Sunday, September 03, 2006
This led me to think about the issue of David Cameron's "failure" to take Conservative MEPs out of the EPP. Although he had made a campaign pledge to do so, and therefore he has a mandate from Conservative members, the MEPs ran on the basis they were going to be part of the EPP grouping. So there appears to be a conflicting mandate - the one from Conservative members to take the MEPs out of the EPP, and the one the voters gave the MEPs on the basis they were going to be in the EPP.
In fact the truth of the matter it's a rather obscure issue that doesn't register with the bulk of voters.
Friday, September 01, 2006
They are reporting that the Brentwood, Billericay and Wickford Primary Care Trust has classified the village of Doddinghurst as "urban", not "rural".
Doddinghurst is a pretty village - but you have to get through about two miles of country side to get there, and it's relative remoteness (and long distance from the train stations in the borough) is the reason why it was never on our radar as a suitable location when we decided to move. The decision has an impact on pharmacy services, at least as I understand it - I didn't read the article in full.
I do wonder about the use of English in bureacracies though. If Doddinghurst, at least two miles from the edge of the Brentwood sprawl, doesn't count as rural, then what exactly does?
The County Council call the (rather oddly shaped) ward Brentwood Rural for a reason.
EDIT: By happy chance, I actually discovered the Brentwood Weekly News is online. The full story is here. According to the report, the PCT did actually reverse the decision to classify Doddinghurst as urban back to rural. This has now been been appealed by the Essex Local Pharmaceutical Committee. What an appalling waste of our taxes.
Thursday, August 31, 2006
I do wonder if this is a yet another case of the left not liking it when a minority member dares to disagree with them?
It does seem that some of the comments seem to think that the point that breastfed babies are less likely to be obese in later life means the article is saying:
- If you breastfeed, you won't be obese.
- If you don't breastfeed, you will be.
Incidentally, the wee fella has been exclusively breastfed and has been consistently in the 90th percentile weight wise (aka he's a big boy) for the last four and a half months. I don't think he's particularly fat, just big. He also has the most gorgeous smile!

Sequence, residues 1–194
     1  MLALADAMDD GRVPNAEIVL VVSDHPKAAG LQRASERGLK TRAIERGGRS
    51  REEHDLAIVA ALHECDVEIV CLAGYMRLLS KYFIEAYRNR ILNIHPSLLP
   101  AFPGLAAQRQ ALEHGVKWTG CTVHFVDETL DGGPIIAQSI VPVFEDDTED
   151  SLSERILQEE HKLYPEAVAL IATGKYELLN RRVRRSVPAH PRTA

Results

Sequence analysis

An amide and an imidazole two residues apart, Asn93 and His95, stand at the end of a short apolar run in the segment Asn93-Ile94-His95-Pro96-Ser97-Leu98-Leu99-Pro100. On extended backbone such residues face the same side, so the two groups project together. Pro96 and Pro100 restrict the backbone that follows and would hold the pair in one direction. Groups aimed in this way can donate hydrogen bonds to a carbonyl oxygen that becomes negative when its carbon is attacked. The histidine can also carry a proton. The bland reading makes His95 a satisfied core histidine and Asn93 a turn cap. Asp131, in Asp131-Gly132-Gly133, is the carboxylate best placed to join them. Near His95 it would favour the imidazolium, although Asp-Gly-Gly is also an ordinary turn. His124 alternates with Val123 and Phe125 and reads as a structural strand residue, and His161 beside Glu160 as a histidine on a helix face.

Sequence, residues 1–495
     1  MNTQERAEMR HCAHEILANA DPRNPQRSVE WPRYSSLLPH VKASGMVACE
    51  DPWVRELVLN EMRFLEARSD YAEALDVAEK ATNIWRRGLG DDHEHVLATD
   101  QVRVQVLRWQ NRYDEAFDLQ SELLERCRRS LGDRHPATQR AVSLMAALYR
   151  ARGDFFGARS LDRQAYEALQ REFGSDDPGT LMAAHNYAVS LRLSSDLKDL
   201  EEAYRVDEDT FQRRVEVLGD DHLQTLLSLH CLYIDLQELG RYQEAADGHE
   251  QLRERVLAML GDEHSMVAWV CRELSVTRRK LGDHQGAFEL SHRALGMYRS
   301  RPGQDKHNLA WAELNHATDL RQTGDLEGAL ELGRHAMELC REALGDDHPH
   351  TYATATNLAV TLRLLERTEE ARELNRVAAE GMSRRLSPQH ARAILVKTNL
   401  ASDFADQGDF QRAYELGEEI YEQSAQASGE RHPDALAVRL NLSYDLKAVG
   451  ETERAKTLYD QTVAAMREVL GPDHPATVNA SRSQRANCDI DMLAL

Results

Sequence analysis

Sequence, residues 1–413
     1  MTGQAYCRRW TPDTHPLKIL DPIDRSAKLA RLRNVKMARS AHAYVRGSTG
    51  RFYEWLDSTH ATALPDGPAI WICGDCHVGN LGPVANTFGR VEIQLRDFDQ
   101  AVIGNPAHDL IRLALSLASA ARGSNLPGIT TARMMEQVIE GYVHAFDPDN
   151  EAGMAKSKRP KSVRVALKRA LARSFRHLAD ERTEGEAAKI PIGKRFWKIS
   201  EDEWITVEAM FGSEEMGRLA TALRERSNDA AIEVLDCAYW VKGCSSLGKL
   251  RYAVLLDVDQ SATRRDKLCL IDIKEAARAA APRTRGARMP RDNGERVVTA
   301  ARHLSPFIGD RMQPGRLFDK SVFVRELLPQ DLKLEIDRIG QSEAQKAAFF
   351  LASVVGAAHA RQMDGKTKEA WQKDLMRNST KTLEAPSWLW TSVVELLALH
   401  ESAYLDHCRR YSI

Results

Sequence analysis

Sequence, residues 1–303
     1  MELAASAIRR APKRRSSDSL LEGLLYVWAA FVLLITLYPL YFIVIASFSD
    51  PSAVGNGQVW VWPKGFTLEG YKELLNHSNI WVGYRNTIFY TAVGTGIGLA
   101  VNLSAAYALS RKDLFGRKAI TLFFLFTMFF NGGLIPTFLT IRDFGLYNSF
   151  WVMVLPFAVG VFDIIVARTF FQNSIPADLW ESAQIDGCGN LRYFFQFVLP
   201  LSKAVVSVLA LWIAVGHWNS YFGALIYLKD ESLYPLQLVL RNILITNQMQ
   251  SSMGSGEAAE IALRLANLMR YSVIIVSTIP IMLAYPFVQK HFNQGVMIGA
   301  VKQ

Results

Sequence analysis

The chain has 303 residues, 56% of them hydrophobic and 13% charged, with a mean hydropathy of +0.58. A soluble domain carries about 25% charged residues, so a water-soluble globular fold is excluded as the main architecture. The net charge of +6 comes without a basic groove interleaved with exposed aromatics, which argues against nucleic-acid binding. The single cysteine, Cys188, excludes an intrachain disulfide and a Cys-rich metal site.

Tuesday, August 29, 2006
The Times is currently carrying a debate in their letters column about the Irish decision to remain neutral, which is a bit of a coincidence. It's even more of a coincidence that it comes on the same day that Neville Chamberlain has come bottom of a list ranking 20th century Prime Minsters in order of "greatness", in that it was Chamberlain's decision to return the Treaty ports that both enabled de Valera to keep Ireland out of the war at the same time as infuriating Churchill (at school, it was suggested that de Valera at the end of the Economic War had simply asked for them towards the end of the negotiations and was slightly surprised to get immediate agreement from the British).
Sometimes it's better to just let these things go.
Most of the comments seem to be based on the single BBC report on the matter (both MrE and the Archbishop refer to the BBC story, where as Iain refers to the Archbishop). The BBC report does not so much cover the news that Boruc was cautioned, as the Catholic Church's response to that. That BBC report links to another report in which the Crown Office is quoted as saying that : "The decision to use an alternative to prosecution in this case was based on an assessment of behaviour, not one single act, which appeared to be directed towards the crowd, which was being incited by that behaviour and which caused the police to intervene and calm the crowd." In fact, it would appear that Boruc's gestures were even more provactive than Gary Neville's gestures to the Liverpool fans earlier this year.